Wednesday, April 25, 2018


Is there any justice without economic justice?

A team of researchers from Princeton University, led by sociologist Matt Desmond, has begun compiling a database of evictions throughout the United States. The first of its kind, the database found that at least 2.3 million evictions were filed in 2016, a rate of 4 evictions per minute, underscoring the heightening housing crisis in the United States a decade after the collapse of the housing market.
Desmond’s project, Eviction Lab, has thus far collected 83 million records from 48 states and the District of Columbia. “We’re in the middle of a housing crisis, and that means more and more people are giving more and more of their income to rent and utilities. Our hope is that we can take this problem that’s been in the dark and bring it into the light,” Desmond recently told NPR.
This scourge of evictions, Desmond reports, is rooted in the stagnation of wages combined with escalating housing prices. “Incomes have remained flat for many Americans over the last two decades,” Desmond explained, “but housing costs have soared… between 1995 and today, median asking rents have increased by 70 percent, adjusting for inflation.” As a result, he notes, there is a “shrinking gap” between families’ income and their rent expenses.
Desmond’s assertion is borne out by research done by other organizations. According to the National Low Income Housing Coalition (NLIHC), workers earning the federal minimum wage ($7.25 hourly) would have to work an average of 94.5 hours weekly in order to afford a basic, one-bedroom apartment. The NLIHC’s annual report on low income housing, released in March, states that about 8 million people nationwide pay greater than 50 percent of their income for rent.
“The problem is not that low-income people aren’t working hard enough. The problem, rather, is that many jobs don’t pay enough for low-income people to afford to pay the rent,” Diane Yentel, the president and CEO of the NLIHC told City Lab.

For justice, we need economic justice.

Who will protect the above people without it?

Not HUD, at least not right now.

Did you know that April is Fair Housing Month?

HUD explains, "Nearly 50 years ago, President Lyndon Johnson signed the Civil Rights Act of 1968 and fair housing became law.  In signing the landmark measure, President Johnson declared, “Now, with this bill, the voice of justice speaks again. It proclaims that Fair Housing for all, all human beings who live in this country, is now part of the American way of life."


Intended as a follow-up to the Civil Rights Act of 1964, the bill was the subject of a contentious debate in the Senate, but was passed quickly by the House of Representatives in the days after the assassination of civil rights leader Martin Luther King Jr. The Fair Housing Act stands as the final great legislative achievement of the civil rights era.

Yes, MLK had championed the bill.  ENCYCLOPEDIA BRITANICA explains, "One of the bill’s strongest supporters was Martin Luther King, Jr., who had been at the forefront of the open housing marches in Chicago in the 1960s. After King was assassinated on April 4, 1968, President Lyndon B. Johnson encouraged Congress to pass the bill as a memorial to the slain civil rights leader before King’s funeral."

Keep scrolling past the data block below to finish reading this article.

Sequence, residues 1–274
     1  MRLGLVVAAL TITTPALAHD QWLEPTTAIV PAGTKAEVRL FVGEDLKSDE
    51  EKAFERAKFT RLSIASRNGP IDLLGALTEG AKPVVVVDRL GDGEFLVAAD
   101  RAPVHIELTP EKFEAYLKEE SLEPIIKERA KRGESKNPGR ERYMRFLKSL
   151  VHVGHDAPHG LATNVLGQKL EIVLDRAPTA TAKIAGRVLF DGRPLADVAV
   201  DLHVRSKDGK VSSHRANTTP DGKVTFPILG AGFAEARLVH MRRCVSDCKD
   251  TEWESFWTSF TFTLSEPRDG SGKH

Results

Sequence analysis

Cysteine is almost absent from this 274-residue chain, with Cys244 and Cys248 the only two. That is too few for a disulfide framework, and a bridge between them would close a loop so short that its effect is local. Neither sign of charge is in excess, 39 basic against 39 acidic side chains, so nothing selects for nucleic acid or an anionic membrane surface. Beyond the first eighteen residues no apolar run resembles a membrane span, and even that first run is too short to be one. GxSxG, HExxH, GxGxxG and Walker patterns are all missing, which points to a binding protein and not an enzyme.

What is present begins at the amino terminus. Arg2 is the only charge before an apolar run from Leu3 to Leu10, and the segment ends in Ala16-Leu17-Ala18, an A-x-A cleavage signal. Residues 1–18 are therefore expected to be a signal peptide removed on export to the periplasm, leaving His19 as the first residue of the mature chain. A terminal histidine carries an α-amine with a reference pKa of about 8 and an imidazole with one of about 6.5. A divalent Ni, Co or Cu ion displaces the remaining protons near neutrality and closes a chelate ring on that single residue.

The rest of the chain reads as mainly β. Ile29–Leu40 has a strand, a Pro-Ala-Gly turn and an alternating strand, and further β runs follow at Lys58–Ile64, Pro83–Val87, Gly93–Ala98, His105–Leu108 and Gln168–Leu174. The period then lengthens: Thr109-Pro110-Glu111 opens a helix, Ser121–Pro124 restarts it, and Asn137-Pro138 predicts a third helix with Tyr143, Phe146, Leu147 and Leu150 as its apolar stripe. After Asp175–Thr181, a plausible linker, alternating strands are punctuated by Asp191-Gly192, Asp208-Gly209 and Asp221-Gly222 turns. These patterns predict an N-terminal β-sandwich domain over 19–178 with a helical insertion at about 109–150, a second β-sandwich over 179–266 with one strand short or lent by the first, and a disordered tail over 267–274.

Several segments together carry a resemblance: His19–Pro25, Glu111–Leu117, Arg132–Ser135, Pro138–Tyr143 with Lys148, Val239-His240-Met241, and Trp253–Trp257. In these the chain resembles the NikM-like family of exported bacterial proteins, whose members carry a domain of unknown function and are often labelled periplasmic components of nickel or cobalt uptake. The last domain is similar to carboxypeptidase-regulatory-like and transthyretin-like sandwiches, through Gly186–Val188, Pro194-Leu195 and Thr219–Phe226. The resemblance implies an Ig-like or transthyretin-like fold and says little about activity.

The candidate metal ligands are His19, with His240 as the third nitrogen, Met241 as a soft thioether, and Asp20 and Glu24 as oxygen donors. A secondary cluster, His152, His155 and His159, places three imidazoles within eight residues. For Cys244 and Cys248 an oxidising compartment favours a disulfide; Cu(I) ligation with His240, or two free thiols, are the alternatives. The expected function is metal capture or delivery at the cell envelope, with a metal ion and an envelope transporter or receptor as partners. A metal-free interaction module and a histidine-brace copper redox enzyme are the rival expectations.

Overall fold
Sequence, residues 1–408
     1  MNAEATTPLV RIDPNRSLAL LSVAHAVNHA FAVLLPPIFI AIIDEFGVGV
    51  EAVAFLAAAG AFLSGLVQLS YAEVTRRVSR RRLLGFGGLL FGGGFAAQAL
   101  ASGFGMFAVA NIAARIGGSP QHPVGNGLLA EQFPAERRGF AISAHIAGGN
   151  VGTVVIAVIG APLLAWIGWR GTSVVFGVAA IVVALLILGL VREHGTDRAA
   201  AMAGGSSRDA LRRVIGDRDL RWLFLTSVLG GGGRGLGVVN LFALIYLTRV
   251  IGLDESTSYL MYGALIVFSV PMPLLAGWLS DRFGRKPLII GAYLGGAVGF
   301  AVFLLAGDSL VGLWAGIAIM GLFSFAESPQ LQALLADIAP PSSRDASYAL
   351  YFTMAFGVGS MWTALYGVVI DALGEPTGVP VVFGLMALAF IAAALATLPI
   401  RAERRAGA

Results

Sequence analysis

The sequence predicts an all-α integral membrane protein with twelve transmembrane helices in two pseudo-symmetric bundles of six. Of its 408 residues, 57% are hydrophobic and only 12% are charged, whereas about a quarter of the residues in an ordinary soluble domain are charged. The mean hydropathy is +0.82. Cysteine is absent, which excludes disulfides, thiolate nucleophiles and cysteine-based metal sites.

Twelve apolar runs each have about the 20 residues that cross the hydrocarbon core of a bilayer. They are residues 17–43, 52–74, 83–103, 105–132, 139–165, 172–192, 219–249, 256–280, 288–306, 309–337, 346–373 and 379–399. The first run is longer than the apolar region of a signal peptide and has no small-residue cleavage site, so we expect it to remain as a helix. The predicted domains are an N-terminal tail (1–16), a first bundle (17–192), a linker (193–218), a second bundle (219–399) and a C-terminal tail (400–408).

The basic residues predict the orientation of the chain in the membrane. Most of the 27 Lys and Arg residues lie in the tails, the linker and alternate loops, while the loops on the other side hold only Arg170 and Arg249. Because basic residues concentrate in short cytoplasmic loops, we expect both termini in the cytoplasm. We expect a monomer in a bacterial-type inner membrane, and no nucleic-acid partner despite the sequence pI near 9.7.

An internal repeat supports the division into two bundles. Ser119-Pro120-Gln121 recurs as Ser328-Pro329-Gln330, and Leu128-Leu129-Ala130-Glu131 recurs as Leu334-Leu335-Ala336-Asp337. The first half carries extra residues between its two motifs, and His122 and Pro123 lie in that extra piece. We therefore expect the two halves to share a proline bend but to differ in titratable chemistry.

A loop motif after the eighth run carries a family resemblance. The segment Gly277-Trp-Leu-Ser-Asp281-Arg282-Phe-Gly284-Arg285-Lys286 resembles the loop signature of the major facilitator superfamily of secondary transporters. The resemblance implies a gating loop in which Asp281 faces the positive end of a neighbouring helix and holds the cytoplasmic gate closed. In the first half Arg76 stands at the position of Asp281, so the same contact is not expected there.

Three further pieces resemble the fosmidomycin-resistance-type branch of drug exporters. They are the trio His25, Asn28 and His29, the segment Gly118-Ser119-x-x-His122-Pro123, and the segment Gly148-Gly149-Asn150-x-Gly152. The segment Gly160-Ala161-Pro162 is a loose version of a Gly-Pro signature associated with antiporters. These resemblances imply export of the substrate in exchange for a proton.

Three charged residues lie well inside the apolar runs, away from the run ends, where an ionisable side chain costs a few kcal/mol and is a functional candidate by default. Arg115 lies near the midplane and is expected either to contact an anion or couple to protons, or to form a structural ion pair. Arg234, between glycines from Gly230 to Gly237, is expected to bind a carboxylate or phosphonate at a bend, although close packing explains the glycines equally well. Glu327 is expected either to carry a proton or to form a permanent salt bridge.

Senator Edward Brooke was one of the laws most vocal champions.  He was also the first African-American elected to the Senate.

The Senate vote was 73 for and 27 against.  The breakdown is  46 Democrats vote for it and 27 Republicans voted for it while 21 Democrats voted against it and 6 Republicans voted against it.  All 100 senators voted though, in the cold light of  today, some might wish they could change no votes to yes.

Of Brooke, the US Senate notes:

The first African American elected to the Senate by popular vote, Edward Brooke of Massachusetts served two full terms, from 1967 to 1979. Born in Washington, DC, in 1919, Brooke graduated from Howard University before serving in the United States Army during World War II. After the war, he received a law degree from Boston University, and became the first African American elected as a state's attorney general. During his Senate career he championed the causes of low-income housing and an increased minimum wage, and promoted commuter rail and mass transit systems. Senator Brooke worked tirelessly to promote racial equality in the South. He also integrated the Senate barbershop when he had his first haircut there after becoming a senator. He received the Presidential Medal of Freedom in a White House ceremony on June 23, 2004, and was awarded the Congressional Gold Medal in 2008.

He and then-Senator Walter Mondale co-sponsored the bill (Mondale would go on to become Vice President under Jimmy Carter).

HUD notes "The Act originally prohibited discrimination in the sale, rental and financing of housing based on color, race, national origin and religion. Later, the Act was amended to prohibit discrimination based on sex, disability and familial status."

The Fair Housing Act was a step in the right direction.  It is not a complete journey, merely a step and other steps are sorely needed.

Creative Commons License
This work is licensed under a Creative Commons Attribution-Share Alike 3.0 Unported License.
Poll1 { display:none; }